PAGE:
What One Says to The Poet on The Subject of Flowers


Allen Ginsberg

 
 

CE QU’ON DIT AU POÈTE À PROPOS DE FLEURS

(Fragment)

II

“O Poètes, quand vous auriez
Les Roses, les Roses soufflées,
Rouges sur tiges de lauriers,
Et de mille octaves enflées!

Quand Banville en ferait neiger,
Sanguinolentes, tournoyantes,
Pochant l’oeil fou de l’étranger
Aux lectures mal bienveillantes!

De vos forêts et de vos prés,
O très paisibles photographes!
La Flore est diverse à peu près
Comme des bouchons de carafes!

Toujours les végétaux Français,
Hargneux, phtisiques, ridicules,
Où le ventre des chiens bassets
Navigue en paix, aux crépuscules ;

Toujours, après d’affreux dessins
De Lotos bleus ou d’Hélianthes,
Estampes roses, sujets saints
Pour de jeunes communiantes!

L’Ode Açoka cadre avec la
Strophe en fenêtre de lorette ;
Et de lourds papillons d’éclat
Fientent sur la Pâquerette.

Vieilles verdures, vieux galons !
O croquignoles végétales!
Fleurs fantasques des vieux Salons!
– Aux hannetons, pas aux crotales,

Ces poupards végétaux en pleurs
Que Grandville eût mis aux lisières,
Et qu’allaitèrent de couleurs
De méchants astres à visières !

Oui, vos bavures de pipeaux
Font de précieuses glucoses!
– Tas d’oeufs frits dans de vieux chapeaux,
Lys, Açokas, Lilas et Roses!…”

Alcide Bava*

________________________________

 
 

II

“O Poets, if you could but own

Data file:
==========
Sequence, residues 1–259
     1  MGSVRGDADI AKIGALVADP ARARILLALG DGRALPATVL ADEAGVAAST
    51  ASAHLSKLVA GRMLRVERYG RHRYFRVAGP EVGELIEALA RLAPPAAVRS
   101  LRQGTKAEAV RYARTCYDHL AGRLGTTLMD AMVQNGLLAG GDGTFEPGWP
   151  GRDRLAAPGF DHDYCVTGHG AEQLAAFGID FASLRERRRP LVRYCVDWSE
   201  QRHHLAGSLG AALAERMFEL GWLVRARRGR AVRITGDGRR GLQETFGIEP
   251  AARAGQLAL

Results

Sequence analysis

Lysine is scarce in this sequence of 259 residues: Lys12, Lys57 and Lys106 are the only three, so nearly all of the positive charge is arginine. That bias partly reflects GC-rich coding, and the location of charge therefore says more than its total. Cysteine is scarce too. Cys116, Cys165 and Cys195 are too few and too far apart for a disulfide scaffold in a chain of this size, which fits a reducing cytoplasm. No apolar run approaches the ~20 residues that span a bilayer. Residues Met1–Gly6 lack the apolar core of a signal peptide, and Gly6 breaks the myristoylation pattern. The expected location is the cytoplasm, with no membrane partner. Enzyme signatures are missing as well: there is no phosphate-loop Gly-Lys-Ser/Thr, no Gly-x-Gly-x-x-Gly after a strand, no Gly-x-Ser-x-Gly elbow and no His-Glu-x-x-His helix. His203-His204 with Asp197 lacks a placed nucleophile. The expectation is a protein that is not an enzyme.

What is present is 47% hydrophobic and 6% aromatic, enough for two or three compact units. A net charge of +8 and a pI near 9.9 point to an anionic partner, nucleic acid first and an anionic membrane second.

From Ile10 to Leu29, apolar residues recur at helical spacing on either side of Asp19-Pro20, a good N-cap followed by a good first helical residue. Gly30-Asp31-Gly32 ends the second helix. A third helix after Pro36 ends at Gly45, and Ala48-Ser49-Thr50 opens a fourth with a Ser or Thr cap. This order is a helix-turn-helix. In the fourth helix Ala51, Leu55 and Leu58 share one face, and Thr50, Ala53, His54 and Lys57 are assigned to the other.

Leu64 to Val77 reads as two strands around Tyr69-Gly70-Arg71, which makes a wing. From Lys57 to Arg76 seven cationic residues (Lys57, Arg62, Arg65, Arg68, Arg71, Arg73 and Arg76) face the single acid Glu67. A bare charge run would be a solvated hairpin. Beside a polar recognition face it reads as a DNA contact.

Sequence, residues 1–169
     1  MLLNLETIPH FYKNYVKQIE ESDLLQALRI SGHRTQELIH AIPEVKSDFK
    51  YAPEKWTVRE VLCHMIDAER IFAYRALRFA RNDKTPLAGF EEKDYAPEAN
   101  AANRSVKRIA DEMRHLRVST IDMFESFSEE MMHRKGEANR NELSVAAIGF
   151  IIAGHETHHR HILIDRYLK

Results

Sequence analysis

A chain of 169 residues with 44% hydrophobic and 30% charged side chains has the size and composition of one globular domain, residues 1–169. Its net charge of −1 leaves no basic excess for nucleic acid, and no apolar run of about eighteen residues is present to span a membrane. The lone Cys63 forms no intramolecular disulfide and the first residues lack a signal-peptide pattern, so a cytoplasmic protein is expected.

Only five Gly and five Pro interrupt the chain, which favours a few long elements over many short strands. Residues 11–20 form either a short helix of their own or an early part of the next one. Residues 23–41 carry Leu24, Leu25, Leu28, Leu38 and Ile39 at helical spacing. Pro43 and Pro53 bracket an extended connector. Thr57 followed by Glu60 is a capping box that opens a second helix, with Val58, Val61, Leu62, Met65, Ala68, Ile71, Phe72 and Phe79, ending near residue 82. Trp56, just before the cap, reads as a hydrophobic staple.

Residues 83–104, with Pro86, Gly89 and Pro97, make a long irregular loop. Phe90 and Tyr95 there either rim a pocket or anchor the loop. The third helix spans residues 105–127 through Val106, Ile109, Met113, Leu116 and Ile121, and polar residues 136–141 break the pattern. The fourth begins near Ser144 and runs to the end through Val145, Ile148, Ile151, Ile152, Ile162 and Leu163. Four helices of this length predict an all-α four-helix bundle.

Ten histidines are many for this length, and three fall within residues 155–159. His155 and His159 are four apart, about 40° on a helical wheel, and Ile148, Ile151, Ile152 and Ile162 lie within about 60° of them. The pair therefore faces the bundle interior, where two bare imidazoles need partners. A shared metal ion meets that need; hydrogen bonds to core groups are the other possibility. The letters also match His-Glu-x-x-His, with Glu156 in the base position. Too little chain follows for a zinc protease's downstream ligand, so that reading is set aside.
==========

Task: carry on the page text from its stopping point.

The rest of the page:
To the red on the laurel’s firm stem
To the Roses, the Roses, blown,
With a thousand octaves swollen!

If Banville could make them snow,
Blood-stained, whirling in gyrations,
Blacking the eye of that stranger so,
Who sees wicked interpretations!

In your forests, by your paths,
O so placid photographers!
Like the stoppers on carafes,
The Flora’s more or less diverse!

Always the vegetables, French,
Absurd, consumptive, up for a fight,
Bellies of basset hounds they drench,
Peacefully passed in evening light;

Always, after fearful drawings
Of blue Lotus or that Sunflower,
Pink prints, subjects befitting
Girls in communion’s sweet hour!

The Asoka Ode agrees with the
Loretto window stanza; showers
Of bright butterflies, heavy, flutter,
Dunging on the daisy flowers.

Old verdures, old braided ribbons!
O vegetable biscuit bakes!
Fantastic flowers of old Salons!
– For cockchafers, not rattlesnakes,

Those vegetable dolls in tears
Grandville would have mislaid
In the margin, sucking colours
From spiteful stars with eye-shades!

Yes, the drooling of your flutes
Produces precious sugar!
– Heaps of fried eggs in old boots,
Lily, Lilac, Rose, Asoka!…”

 
 

Note:

*Alcide Bava is a pseudonym Arthur Rimbaud gave himself in a letter sent in August 15, 1871 to Théodore de Banville to whom the poem is dedicated

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